Advil (Ibuprofen)use, dosage and side effects


Advil, an over-the-counter drug, is the brand-name version ibuprofen, nonsteroidal anti-inflammatory drug (NSAIDs), which is used to treat mild aches and pains. Each tablet Advila for adults contains 200 milligrams (mg) of ibuprofen. Ibuprofen also comes in a versatile form and is the main ingredient of another brand, Motrin.

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Advil is used for a variety of common diseases. You can use it to relieve pain, reduce inflammation, and lower body temperature if you have a fever.

The rate of Onset of anesthesia depends on the Advil formulation. Its action usually lasts four to eight hours, but you must follow certain instructions on the label.

Advil can be used to treat minor aches and pains associated with:

  • Common cold
  • Headache
  • Menstrual cramps
  • Toothache
  • Back and muscle pain
  • Mild arthritis pain

Keep in mind that Advil is used to temporarily relieve symptoms, which means that it does not cure any disease or illness.


While taking Advil, you should use the smallest effective dose to minimize the possibility of side effects. Your health care provider will help you determine the right dose.

Adults and children 12 years and older can take up to two Advil tablets every four to six hours. You should not take more than six tablets in 24 hours or take Advil for more than 10 days, unless directed by your health care provider.

Advil for adults is available in 200 mg coated tablets, quick-release film coated tablets, and 200 mg liquid gels.Advil liquid gels are a fast-acting medication containing solubilized ibuprofen that has dissolved in the liquid center of the soft capsule.

While regular strength Advil is recommended for use in adults, there are forms for children, including Advil chewable tablets for toddlers, Advil Drops for babies, and Advil suspension for children. For children, the recommended dose of Advil depends on their weight, but sometimes age can be used as a guide. Each package includes special measuring cups or spoons, along with recommendations for measuring the dose for your child.

how it works

Advil acts through several biochemical mechanisms, some of which are related to inhibition cyclooxygenases (COX), an enzyme that aids in the production of prostaglandins and thromboxane. Prostaglandins are involved in the mediation of pain and fever, thromboxane is involved in the formation of blood clots, and COX also helps maintain a protective layer in the lining of the stomach.

The therapeutic effects of Advil, which are pain reduction and fever reduction, are based on the reduced action of prostaglandins. The gastrointestinal side effects of Advil are also related to its inhibition of COX and thromboxane.

Side effects, risks and contraindications

Advil may cause side effects, but it is important to know that side effects are, risk and the contraindications of Advil are the same as those of other brands of ibuprofen and are very similar to the side effects of other NSAIDs.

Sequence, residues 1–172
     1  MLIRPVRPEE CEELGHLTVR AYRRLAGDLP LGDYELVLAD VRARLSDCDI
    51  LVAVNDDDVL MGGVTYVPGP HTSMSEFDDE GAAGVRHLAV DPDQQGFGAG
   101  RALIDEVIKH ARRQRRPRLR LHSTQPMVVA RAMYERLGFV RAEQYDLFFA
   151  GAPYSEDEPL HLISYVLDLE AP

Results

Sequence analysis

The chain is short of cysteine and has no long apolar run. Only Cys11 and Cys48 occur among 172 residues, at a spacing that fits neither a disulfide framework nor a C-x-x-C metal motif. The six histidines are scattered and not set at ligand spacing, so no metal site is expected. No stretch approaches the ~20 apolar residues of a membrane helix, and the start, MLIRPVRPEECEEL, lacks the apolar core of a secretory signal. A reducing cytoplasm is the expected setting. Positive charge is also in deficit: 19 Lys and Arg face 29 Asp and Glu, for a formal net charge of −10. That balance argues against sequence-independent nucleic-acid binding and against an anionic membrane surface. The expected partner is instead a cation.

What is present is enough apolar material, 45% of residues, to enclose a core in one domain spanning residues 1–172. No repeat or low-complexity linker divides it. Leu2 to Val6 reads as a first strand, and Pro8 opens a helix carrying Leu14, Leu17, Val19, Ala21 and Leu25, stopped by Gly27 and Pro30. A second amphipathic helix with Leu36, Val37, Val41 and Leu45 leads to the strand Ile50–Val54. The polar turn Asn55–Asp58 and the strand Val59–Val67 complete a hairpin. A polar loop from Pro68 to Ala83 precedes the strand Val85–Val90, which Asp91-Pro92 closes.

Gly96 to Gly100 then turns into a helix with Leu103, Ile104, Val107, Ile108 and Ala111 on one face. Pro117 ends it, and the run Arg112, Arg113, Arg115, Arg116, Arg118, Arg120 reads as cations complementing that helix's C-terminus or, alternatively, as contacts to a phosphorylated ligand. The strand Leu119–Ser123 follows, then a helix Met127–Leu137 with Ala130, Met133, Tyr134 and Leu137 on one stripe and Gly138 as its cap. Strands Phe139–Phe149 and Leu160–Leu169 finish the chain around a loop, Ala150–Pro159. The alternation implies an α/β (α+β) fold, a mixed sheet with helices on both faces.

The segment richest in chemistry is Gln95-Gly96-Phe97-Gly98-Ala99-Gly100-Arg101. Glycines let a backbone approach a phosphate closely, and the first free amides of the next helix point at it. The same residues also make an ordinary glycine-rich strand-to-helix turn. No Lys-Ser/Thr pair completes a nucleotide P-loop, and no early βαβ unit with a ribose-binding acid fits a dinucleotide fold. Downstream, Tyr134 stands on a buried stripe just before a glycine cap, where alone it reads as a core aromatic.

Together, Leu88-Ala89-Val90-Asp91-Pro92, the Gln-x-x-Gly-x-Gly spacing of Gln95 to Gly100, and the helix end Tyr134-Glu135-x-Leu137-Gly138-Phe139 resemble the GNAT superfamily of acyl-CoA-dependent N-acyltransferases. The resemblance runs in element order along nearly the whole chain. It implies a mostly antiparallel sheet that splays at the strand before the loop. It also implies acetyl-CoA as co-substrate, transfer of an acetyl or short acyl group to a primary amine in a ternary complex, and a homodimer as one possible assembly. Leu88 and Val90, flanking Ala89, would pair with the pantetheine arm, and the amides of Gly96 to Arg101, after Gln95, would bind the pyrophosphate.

side effects

Advil and other NSAIDs can cause stomach upset. It may reduce the chance of stomach upset if you take it with food or milk. Advil can also cause bleeding, mainly gastric bleeding. It is important to be aware of symptoms of gastric bleeding, which include dark stools, fatigue, dizziness, and blood in the vomit.

Advil can also cause mild bruising, prolonged bleeding from the cut, blood in the urine, and bleeding in the eye.

Advil rarely causes allergies, causing symptoms such as hives, facial swelling, asthma, skin rash, blisters or shock.

Advil can increase the chance of developing kidney damage. This risk increases in patients with dehydration or volume depletion. If you have an underlying kidney disease, for example, due to diabetes, high blood pressure, or any other reason, avoid taking Advil or other NSAIDs whenever possible. If you have to take it, make sure you are sufficiently hydrated.

Advil can also reduce sodium levels in the blood and increase potassium levels in the blood. If you are taking blood pressure medications that tend to increase blood potassium levels or decrease blood sodium levels, avoid taking Advil or another NSAID. Advil can also cause volume overload, so if you are taking medications to remove excess water in your body, you should not take Advil.


Advil may increase risk heart attack or cerebral haemorrhage. The risk increases with higher doses or prolonged use of Advil. Aspirin, another NSAID, does not increase this risk; in fact, it is often used to reduce the risk of strokes and heart attacks.


You should not take Advil immediately before or after cardiac bypass surgery. Also, unless otherwise directed, pregnant women should not take Advil during the last trimester of pregnancy.

Several factors increase the risk of bleeding with Advil. Do not use if you have any of the following contraindications, unless directed by your health care provider:

  • Over 60 years
  • Taking an anticoagulant
  • Using another NSAID
  • History of ulcer
  • Alcohol consumption

A Few Words From Get Meds Info

Advil is one of the most commonly used over-the-counter medications. It is usually very safe, but there are risks. Be sure to follow the instructions and do not take more than the recommended dose. If you have persistent pain or fever, or symptoms that do not improve with Advil, be sure to consult your health care provider, as your symptoms may be a sign of an underlying disease that requires a medical examination.

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